How about garage sales?
If not, why not? No, really. WHY NOT?
Do you even know what you're missing?
I love, love, love shopping second hand, and have worked out a system that allows my family to have and wear almost exclusively pre-loved belongings.
Can I give you some examples of some of my most favorite recent treasures? Just so you know that there are seriously awesome things sitting patiently on shelves waiting to be discovered? Perfect.
My preschooler interacted with a pretend cash register at a friend's house last spring and loved it. We searched for one for months. Finally we found this gem at St Vincent de Paul. It totally works and is in great shape. Cost: $1.99, and it was 25% off. Score!
1. Shopping second hand lets you save money so that you can retire early. Like when you're 42. Okay, maybe not. But it really does save so much money! I buy my kiddos clothing year round, and am always stockpiling the next size up. For example, my preschooler is just growing out of his 3T stuff. For over a year now, I've been buying 4T stuff at garage sales and thrift stores. That way, when we're ready to put away his 3T stuff, all I have to do is pull out the tub of bigger clothes, and he's ready to rock and roll. I picked up his 4T winter jacket this summer at a garage sale for $4. That is WAY more helpful to my budget than going out to the store when the weather cools down and paying $50 for a new coat. I bought a pair of Keens last week from SVDP that were $5 and three sizes too big. But guess what? He'll grow into them! And I don't even want to think about how much brand new Keens cost. Planning ahead truly saves so much time and money.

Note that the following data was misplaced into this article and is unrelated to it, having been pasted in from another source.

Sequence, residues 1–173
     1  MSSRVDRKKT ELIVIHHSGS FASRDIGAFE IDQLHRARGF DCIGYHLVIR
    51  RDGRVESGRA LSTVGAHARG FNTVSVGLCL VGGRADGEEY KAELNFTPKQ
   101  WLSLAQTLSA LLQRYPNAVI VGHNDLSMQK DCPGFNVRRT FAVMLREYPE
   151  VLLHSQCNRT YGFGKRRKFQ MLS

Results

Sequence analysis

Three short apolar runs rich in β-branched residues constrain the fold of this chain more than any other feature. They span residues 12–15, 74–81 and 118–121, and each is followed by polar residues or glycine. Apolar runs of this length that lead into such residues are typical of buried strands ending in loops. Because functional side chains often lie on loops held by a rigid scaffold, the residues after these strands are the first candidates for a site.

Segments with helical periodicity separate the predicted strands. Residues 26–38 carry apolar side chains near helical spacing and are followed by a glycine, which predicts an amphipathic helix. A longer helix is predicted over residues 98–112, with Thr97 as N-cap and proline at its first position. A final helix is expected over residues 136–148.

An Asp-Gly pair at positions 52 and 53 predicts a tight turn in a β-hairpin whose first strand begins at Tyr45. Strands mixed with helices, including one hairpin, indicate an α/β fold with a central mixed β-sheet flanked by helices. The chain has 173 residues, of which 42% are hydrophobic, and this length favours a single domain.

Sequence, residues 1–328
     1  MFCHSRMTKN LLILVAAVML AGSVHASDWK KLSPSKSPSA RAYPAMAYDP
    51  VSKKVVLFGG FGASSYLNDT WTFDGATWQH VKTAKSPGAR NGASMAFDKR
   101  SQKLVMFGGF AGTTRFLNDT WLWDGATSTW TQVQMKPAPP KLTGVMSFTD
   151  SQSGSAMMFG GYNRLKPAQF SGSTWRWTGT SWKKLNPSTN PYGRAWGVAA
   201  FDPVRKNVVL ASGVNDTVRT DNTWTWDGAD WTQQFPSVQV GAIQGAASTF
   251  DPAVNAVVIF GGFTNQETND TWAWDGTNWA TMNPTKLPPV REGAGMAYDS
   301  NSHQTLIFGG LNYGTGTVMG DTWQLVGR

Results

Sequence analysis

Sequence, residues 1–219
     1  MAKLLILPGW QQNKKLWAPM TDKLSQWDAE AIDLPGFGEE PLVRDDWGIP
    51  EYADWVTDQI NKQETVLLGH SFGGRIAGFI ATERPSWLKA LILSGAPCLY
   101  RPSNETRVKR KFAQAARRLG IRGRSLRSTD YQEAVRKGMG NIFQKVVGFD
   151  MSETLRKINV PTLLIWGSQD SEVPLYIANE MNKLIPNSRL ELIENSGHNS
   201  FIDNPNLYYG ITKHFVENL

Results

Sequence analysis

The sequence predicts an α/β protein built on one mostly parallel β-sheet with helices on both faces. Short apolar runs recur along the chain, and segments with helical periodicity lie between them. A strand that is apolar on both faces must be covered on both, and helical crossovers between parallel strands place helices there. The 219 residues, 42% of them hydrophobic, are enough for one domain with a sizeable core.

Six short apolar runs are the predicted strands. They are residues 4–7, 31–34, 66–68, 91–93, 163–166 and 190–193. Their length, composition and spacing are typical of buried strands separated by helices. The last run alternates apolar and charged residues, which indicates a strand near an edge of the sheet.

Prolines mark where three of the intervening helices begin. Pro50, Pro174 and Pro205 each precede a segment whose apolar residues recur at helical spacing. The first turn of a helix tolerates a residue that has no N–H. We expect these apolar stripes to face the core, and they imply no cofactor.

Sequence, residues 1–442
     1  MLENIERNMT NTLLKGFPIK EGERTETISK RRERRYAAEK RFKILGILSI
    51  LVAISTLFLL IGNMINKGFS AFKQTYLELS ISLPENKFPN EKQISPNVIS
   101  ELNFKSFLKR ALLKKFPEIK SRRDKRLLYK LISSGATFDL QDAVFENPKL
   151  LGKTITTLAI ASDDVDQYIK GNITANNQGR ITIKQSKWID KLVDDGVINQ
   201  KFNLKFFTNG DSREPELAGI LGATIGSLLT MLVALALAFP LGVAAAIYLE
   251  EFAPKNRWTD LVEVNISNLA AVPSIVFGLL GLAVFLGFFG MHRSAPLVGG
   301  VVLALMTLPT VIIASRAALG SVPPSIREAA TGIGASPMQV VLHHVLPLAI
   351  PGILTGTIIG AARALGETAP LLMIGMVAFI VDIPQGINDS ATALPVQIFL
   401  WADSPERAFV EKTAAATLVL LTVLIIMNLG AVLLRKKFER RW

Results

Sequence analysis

2. Second hand shopping helps you save the planet. This one is for reals. Every time you buy something new, you're purchasing something that required resources to manufacture. Unless that item is a sweater that someone knit out of yarn that they got from their own sheep or something like that. If so, more power to you. But buying used means that new resources aren't being used. Thus, you single handedly save the planet. Gold star for you! Also, many thrift stores are locally owned businesses that support the local community and economy. I'd way rather support them than a big corporation.
3. Second hand shopping gives you many chances to teach your kiddos valuable life lessons, so that they will turn into smart, responsible, kind, and exemplary citizens. Stay with me here. Visiting thrift stores and garage sales can present great learning opportunities: